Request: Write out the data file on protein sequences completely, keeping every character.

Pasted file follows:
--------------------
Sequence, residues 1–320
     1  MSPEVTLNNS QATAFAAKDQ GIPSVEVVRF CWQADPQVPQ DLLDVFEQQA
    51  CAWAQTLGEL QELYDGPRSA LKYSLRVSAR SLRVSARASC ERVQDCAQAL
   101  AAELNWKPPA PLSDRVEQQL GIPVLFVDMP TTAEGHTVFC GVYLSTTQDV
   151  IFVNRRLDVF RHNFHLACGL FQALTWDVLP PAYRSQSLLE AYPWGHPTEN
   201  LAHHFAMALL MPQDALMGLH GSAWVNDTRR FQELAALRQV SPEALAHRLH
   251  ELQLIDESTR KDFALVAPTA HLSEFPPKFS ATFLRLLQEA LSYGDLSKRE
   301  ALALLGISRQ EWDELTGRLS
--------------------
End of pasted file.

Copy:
Sequence, residues 1–320
     1  MSPEVTLNNS QATAFAAKDQ GIPSVEVVRF CWQADPQVPQ DLLDVFEQQA
    51  CAWAQTLGEL QELYDGPRSA LKYSLRVSAR SLRVSARASC ERVQDCAQAL
   101  AAELNWKPPA PLSDRVEQQL GIPVLFVDMP TTAEGHTVFC GVYLSTTQDV
   151  IFVNRRLDVF RHNFHLACGL FQALTWDVLP PAYRSQSLLE AYPWGHPTEN
   201  LAHHFAMALL MPQDALMGLH GSAWVNDTRR FQELAALRQV SPEALAHRLH
   251  ELQLIDESTR KDFALVAPTA HLSEFPPKFS ATFLRLLQEA LSYGDLSKRE
   301  ALALLGISRQ EWDELTGRLS